I looked around and saw a sea of faces. White, black, coloured. People from so many different walks of life. And backgrounds. There was a government minister with his two bodyguards. Medical colleagues. Comrades from the Struggle. Friends and of course family.
Whose lives had been dramatically impacted by my uncle. I can still picture two of the people that went to the front of the room to share their memories of my uncle.
The first was a coloured man. He told us about how he lived in a shanty town where Neil had a handful of patients. He said that Neil was the only doctor at the time, during apartheid, that treated his patients like human beings. He learned the local languages and was able to actually communicate with people that were sick.
Unlike the others that worked like a vet. Unable to communicate. And treated people like animals.
The next person to put up their hand was a woman. She had an extremely large heavy build, and had hair growing from her chin which she clearly cut short. She was a big character, and as she walked to the front of the room, everyone wanted to hear what she had to say.
She told us about how she was in jail during apartheid. How Neil went to visit her regularly. She explained that he was risking his life to do this. Not only going to an area of town that was dangerous for whites, but he also passed her chocolates with messages on the inside of these chocolates, to tell her of what was happening on the outside.
Who knows what would have happened if the guards got hold of one of those chocolates.
When talking about how to reach your full potential, he talks about the importance of expanding your personal circle. To spend as much time as you can with people in professions and backgrounds different from your own. And how powerful that is.
When I looked around, and reflected on my uncle’s life, and listened to the stories of everyone in the room that day, it was clear.
Neil was one of the most inspirational people I knew. And he had a profound impact on so many other people’s lives too. He wasn’t just a white middle class Doctor from South Africa.
He was so much more than that. And this was why.
The idea is to unleash the human potential of the sector. And the way we do this is to shake people up a bit. Challenge them. Get them working with people in far off lands out of their comfort zone, in different cultures, sometimes in a foreign language, having to draw on skills and knowledge they have developed over time, but don’t use every day. They end up seeing things differently, much more aware of their potential, better understand their purpose and what drives them in their work, and at the end of the programme they are a force to be reckoned with.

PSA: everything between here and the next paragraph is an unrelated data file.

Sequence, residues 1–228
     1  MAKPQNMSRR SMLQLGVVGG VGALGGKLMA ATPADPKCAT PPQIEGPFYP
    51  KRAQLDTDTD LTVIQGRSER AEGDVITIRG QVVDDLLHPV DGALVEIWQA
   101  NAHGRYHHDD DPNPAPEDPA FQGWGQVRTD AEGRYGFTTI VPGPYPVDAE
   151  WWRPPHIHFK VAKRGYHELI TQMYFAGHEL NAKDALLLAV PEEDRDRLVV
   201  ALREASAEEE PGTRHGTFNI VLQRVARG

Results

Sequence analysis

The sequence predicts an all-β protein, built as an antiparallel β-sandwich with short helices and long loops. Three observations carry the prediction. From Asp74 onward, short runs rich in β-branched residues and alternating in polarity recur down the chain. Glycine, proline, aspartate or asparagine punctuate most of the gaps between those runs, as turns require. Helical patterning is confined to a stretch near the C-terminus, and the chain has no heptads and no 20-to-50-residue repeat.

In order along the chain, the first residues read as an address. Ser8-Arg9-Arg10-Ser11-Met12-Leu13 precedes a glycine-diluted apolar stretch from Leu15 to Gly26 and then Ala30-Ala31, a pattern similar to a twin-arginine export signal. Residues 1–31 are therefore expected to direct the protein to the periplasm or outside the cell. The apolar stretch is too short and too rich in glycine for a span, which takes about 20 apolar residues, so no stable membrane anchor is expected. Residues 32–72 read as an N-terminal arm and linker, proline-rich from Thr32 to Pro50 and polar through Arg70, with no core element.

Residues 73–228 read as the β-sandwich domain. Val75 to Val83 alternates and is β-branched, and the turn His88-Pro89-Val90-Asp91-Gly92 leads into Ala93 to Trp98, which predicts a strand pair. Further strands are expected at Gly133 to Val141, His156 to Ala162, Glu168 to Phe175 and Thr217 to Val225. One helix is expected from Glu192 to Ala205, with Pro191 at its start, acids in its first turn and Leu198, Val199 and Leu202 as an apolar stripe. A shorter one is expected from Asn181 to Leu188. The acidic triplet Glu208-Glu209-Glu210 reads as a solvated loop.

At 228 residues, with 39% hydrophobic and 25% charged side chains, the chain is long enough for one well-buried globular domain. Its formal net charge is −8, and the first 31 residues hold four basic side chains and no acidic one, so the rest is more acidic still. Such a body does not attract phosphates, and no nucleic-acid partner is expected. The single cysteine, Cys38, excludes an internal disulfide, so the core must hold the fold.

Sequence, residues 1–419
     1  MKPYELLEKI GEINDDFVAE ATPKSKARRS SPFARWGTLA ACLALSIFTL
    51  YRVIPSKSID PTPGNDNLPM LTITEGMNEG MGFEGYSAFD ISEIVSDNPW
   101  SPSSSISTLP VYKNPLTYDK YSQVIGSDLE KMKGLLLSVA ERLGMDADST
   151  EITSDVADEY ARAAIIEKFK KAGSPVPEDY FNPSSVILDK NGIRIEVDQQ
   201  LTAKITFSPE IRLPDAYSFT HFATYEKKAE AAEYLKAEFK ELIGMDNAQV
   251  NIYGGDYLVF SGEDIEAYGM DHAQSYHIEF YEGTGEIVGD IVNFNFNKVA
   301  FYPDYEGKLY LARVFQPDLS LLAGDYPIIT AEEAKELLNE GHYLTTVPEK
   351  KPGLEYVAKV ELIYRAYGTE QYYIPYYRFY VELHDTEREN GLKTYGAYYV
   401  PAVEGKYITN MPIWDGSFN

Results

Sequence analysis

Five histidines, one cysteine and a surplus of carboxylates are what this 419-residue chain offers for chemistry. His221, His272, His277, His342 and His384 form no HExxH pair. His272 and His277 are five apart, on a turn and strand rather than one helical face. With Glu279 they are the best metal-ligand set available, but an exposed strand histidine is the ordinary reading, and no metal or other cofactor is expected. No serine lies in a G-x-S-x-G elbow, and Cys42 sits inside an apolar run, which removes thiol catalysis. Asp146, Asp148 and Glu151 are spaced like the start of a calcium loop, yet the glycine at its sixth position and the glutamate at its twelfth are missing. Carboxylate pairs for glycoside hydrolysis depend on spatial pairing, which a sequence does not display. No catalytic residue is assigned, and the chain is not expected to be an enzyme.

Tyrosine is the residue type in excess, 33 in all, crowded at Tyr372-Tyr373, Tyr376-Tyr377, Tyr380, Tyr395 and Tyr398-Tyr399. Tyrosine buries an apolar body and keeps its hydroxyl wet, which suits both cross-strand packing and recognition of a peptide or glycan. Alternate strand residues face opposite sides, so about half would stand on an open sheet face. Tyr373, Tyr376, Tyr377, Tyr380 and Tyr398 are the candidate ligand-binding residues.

We know how important, how valuable, often how crucial, the skills of the private sector can be; and we want to provide professionals within businesses around the world with the opportunity to apply their hard-earned skills to make a mark on the planet. On TIE, professionals develop campaigns, strategies, financial plans, business plans or create research pieces for social projects, social enterprises or non-profits that not only make a tremendous difference to the organisations and local communities alike, but the experience also helps the professionals realize just how powerful their skills are to change the world.
We believe that the private sector is incredibly powerful and that it can change the world, for the better. We want professionals to feel proud of their chosen profession, the skills that they have and realize the power they have to make a positive impact with every single project they work on. Through the TIE experience we hope to inspire the future leaders of the commercial world to think differently, to approach their work differently and more sustainably, and in turn, change the way the sector works, behaves and thinks, from the inside, out.